In October of 2007 my doctor’s strongly advised that I stop working as that would take much stress off my life. I heeded their recommendations, and fortunately was able to obtain long term disability benefits from my former employer, plus a government medical pension from which I understand is most difficult to get unless one has a condition such as I. As one may imagine my medications are very expensive so I am extremely grateful that the costs are covered by a plan, otherwise I do not know where I would have been without it? Of course there are the daily challenges of raising a family on a limited income, but I am still grateful for what has been provided and I carry on despite all this.

In summation, my life is filled with seemingly endless blood tests, iron infusions, doctor’s appointments, and all too frequent bathroom trips – not to mention some associated pain! Despite my condition I remain very optimistic and for the most part don’t dwell much on the negative aspects of this disease. I believe God has spared my life, and I have peace about the future. What is your story?

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122 thoughts on “My Portal Hypertension Journey

  1. Unwavering

    Hello Clint,

    I am very grateful that you started this blog. It is not a common condition and people being diagnosed are left without much information, many times having to rely on their doctor’s opinion. You have found a way to help others with your difficult situation.

    After reading other posts, I wanted to briefly share our story. I dont know anything about the rex shunt for adults but we are experiencing the story for a child.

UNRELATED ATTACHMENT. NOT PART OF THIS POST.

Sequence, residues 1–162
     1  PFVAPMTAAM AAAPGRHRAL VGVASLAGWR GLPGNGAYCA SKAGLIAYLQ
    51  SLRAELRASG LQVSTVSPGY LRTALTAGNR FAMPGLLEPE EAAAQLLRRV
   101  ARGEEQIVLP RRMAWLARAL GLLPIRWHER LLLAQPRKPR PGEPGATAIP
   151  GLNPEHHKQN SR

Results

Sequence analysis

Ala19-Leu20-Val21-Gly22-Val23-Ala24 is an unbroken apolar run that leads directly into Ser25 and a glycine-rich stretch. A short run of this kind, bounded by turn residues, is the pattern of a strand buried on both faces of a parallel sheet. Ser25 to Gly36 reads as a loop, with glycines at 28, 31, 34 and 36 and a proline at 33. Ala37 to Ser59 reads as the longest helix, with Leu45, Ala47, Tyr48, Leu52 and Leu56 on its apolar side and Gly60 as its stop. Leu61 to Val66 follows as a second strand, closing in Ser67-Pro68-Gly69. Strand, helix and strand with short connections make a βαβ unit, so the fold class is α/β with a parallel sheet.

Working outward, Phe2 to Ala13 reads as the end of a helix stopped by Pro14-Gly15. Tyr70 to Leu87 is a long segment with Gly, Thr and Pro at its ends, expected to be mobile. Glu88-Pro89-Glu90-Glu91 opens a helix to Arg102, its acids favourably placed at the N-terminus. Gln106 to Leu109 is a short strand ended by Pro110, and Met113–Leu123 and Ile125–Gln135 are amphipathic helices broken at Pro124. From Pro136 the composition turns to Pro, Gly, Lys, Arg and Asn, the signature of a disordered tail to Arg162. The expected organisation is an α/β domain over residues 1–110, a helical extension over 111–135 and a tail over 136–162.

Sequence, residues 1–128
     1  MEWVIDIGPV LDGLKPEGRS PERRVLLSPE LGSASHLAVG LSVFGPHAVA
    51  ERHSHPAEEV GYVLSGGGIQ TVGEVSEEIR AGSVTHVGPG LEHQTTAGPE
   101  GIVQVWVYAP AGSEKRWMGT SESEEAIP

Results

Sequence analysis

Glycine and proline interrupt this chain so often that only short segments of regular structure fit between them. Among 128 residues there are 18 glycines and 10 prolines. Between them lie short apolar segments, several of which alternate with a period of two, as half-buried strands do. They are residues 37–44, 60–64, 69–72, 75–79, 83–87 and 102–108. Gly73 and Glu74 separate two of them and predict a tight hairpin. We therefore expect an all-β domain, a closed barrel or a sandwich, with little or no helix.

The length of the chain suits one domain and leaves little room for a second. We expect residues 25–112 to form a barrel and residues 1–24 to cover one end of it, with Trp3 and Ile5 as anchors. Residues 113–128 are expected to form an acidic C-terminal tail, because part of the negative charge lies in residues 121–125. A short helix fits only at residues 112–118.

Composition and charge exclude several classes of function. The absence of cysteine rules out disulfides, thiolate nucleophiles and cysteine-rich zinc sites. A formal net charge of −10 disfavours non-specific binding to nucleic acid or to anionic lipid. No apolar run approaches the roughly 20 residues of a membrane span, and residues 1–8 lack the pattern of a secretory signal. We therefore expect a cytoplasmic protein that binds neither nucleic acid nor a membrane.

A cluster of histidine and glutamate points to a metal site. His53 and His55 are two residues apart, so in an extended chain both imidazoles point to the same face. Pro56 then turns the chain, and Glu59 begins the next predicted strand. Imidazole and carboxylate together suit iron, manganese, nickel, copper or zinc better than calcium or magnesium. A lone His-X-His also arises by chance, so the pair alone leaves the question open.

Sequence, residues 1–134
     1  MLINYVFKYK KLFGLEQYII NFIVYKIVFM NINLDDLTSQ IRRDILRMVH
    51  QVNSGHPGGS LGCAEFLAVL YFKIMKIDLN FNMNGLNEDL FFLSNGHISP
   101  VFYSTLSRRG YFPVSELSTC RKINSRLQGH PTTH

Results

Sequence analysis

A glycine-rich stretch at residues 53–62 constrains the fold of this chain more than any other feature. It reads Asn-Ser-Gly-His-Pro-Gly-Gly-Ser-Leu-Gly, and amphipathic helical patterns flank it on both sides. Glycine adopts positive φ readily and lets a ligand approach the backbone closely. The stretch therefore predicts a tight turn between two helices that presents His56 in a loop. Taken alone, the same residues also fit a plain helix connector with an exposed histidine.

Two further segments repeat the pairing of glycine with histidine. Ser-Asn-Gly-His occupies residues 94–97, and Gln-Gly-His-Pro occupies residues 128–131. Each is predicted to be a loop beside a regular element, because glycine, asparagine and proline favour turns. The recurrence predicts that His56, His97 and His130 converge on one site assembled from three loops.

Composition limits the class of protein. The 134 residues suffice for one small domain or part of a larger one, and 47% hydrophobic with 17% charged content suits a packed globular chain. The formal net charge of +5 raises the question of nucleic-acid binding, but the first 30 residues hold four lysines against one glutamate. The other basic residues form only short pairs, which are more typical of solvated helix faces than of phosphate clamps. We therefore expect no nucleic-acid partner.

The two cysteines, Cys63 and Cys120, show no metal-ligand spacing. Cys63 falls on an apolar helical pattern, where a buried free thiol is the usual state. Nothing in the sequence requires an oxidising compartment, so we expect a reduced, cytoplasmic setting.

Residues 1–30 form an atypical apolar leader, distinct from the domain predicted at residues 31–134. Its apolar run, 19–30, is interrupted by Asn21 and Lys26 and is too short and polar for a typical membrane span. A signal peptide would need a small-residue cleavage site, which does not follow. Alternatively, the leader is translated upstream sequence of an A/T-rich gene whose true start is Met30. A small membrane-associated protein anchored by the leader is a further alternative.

Our son, almost 3 years old now, was diagnosed with portal hypertension and cavernous portal vein. We don’t know the cause yet. After several Imaging tests, he appears to be a candidate for the Rex shunt procedure to relieve the pressure and restore a more normal circulation. So we are now holding onto this with all of our strength.

    What I would like to share in particular is that a while back, the doctors’ tendency for a young child was more of a wait and see approach. I have been told that, with time, they have observed that the condition can have an impact on cognitive development, over the years. As a result, it is now believed that, although the rex shunt is a delicate surgery, it is better to intervene young and prevent complications such as varices and all.

    It is a leap of faith because several people seem to lead a relatively normal life without the surgery. Putting our son through this is heartbreaking but if it can allow for a life without, or at least with fewer, complications, we will leap.

    If you have a young child with this condition and you have been told to wait and see, I would say, turn to the known specialists mentioned in this blog.

    Clint, I wish you a long life, free of further complications. Science continues to evolve and your mysterious condition may become understood and even treated. Again, thank you for sharing your story and information to help others.